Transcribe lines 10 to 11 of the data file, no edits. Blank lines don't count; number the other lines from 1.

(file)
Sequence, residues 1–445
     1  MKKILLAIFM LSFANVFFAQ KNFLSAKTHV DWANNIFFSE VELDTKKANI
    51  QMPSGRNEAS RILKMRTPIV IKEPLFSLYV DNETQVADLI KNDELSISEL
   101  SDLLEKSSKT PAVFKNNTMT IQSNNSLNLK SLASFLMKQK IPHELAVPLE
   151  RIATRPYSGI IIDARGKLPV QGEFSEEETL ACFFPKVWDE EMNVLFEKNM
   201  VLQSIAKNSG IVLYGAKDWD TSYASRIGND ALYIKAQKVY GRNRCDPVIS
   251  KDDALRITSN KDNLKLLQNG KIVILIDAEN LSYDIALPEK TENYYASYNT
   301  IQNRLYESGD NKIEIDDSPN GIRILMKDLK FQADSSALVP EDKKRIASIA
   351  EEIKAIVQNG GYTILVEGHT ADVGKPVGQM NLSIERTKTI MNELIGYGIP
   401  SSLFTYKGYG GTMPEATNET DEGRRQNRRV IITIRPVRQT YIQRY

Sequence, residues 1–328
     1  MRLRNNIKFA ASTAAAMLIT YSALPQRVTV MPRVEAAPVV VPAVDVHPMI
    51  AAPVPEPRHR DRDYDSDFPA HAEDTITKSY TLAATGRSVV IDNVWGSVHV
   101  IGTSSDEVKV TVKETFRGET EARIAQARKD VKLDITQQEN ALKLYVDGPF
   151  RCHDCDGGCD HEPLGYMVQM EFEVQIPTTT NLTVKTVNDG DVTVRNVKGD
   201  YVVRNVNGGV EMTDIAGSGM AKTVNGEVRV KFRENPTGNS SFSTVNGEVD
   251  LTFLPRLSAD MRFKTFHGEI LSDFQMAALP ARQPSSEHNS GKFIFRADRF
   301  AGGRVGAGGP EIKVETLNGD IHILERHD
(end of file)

   401  SSLFTYKGYG GTMPEATNET DEGRRQNRRV IITIRPVRQT YIQRY

Sequence, residues 1–328